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What Great Leaders Do Great

In the five decades of my career, I’ve had the great privilege of learning from some fantastic leaders who created world-class cultures and leadership development programs – especially early in my career at IBM and PepsiCo. I’ve observed great leaders like Tom Watson Jr. at IBM and Wayne Calloway at PepsiCo. I’ve applied those lessons over time as I’ve had the chance to lead teams, lead transformations, build cultures and help develop the next generation of leadership. I’ve even written a book on leadership called The Calloway Way: Results and Integrity, based on the life and career of Wayne Calloway.

Here’s what I’ve been able to boil it down to in the most simple way. Leadership comes in a myriad of shapes, sizes and personalities. However, there are a few big things that all great leaders do great, and they’re easy to observe. Great leaders are great at:

  • Setting the Agenda
  • Building a Great Team
  • Delivering with Consistency

It seems pretty straightforward and, at first glance, not particularly insightful. However, when you really examine people in leadership positions, many are good at parts, but not at integrating all three. It’s not hard to find examples of leaders that can set elegant and compelling agendas, but never deliver them. We can also find really poor agendas delivered extremely well because they’ve built a capable team.

So, let’s focus on what I would call a complete leader.

A complete leader:

  • Sets the Agenda. It’s connected to larger ideas and outcomes and is meaningful, purposeful and focused on the future (See How to Pick a Good Fight – HBR article, December 2009). It’s the WHY and the WHAT (see another book I wrote titled Blind Spot: A Leader’s Guide To IT-Enabled Business Transformation) of the journey. However, most leaders focus on the WHAT, often with the help of outside consultants, but gloss over the WHY. The WHY really matters, because it’s about articulating the purpose or a cause to which people can relate. It’s also durable and will enable an organization to sustain a long and difficult transformation journey.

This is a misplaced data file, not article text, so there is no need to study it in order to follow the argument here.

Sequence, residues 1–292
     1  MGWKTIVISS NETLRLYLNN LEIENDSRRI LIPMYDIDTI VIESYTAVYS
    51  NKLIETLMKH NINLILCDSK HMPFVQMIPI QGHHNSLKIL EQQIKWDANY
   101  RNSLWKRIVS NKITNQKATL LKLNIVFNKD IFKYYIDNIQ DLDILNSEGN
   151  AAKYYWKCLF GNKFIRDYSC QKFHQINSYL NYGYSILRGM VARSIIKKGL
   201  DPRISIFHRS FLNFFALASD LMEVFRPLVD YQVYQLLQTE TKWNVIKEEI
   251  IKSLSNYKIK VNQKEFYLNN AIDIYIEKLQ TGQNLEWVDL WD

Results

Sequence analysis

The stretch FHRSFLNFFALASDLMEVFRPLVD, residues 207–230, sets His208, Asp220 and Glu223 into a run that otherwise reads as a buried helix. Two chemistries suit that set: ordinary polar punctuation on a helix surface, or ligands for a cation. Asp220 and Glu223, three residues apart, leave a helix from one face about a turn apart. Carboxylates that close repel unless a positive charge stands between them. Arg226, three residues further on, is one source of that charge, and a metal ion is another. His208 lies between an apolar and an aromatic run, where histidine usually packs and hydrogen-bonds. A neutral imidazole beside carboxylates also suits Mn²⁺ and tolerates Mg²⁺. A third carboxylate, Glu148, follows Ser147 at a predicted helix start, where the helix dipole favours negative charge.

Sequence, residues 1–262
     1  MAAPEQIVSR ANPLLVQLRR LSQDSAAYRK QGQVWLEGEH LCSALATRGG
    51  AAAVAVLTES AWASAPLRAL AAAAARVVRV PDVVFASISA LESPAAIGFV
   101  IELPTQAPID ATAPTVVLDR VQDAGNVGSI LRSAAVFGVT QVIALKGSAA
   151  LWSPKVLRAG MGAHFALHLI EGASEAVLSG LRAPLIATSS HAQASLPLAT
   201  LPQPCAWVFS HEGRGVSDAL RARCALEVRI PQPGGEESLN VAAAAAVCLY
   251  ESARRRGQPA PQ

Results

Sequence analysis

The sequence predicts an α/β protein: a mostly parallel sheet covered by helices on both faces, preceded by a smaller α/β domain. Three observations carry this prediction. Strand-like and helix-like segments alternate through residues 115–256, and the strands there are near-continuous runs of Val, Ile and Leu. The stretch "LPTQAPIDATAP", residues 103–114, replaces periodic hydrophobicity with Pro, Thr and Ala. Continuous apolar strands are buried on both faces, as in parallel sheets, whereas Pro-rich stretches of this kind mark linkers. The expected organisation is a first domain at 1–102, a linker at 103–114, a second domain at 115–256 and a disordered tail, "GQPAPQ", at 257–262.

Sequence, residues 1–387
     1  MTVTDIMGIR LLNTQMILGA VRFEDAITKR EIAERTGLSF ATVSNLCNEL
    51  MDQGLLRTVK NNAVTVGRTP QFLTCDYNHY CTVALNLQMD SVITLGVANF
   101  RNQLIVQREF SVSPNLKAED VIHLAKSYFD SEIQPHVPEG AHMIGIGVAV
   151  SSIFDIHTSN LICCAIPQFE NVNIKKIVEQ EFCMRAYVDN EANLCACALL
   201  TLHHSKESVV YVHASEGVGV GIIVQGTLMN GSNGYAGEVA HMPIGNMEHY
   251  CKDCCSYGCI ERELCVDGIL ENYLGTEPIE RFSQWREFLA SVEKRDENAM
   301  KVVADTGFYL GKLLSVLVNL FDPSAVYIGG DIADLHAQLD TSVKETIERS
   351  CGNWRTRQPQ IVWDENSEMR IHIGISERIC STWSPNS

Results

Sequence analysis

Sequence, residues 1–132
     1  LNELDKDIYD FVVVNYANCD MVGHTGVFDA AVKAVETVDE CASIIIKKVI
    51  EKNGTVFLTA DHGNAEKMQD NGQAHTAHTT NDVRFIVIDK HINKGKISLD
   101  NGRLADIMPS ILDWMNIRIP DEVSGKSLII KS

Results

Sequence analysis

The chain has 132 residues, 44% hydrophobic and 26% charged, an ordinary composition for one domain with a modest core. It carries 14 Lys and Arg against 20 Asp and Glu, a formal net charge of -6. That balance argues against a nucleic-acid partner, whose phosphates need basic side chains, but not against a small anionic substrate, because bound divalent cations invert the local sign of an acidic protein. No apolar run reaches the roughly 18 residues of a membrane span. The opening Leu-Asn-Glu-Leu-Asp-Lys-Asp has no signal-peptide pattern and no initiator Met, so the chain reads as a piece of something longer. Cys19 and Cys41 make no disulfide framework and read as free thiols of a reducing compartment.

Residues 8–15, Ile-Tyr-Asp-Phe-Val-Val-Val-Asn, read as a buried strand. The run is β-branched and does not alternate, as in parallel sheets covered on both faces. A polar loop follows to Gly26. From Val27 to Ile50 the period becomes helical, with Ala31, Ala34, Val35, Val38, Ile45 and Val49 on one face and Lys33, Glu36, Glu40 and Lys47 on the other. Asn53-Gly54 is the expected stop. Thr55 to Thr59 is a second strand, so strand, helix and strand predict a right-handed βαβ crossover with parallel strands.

• Builds a Great Team. That’s the real work of a complete leader. Too often, the leader delegates this work to each of his/her managers where the definition of “great” will vary. The only way to build a great team is to be very hands-on and, specifically, spend large amounts of calendar time on selecting, developing and coaching your leadership team two to three levels deep. This was the cornerstone of my learnings at Watson’s IBM and Calloway’s PepsiCo. Calloway, in particular, spent about a third of his time on recruiting, coaching, evaluating, giving feedback, exiting and promoting the top 500 leaders.
  • Delivers with Consistency. This was always the final measure of a PepsiCo leader. Delivery was king at PepsiCo. WHAT you delivered (the Agenda) mattered, and HOW you delivered it mattered just as much. That meant showing up, being solution-oriented and knowing the details of your projects and people. You had to be in the fight with your team and delivering “results with integrity” quarter after quarter, year after year.

If you fall short on any of these three competencies, the things great leaders do great, you have an opportunity to improve. You should do it for yourself. You should do it for your team and the mission that you’re on. You can become a great leader by doing ALL these things great.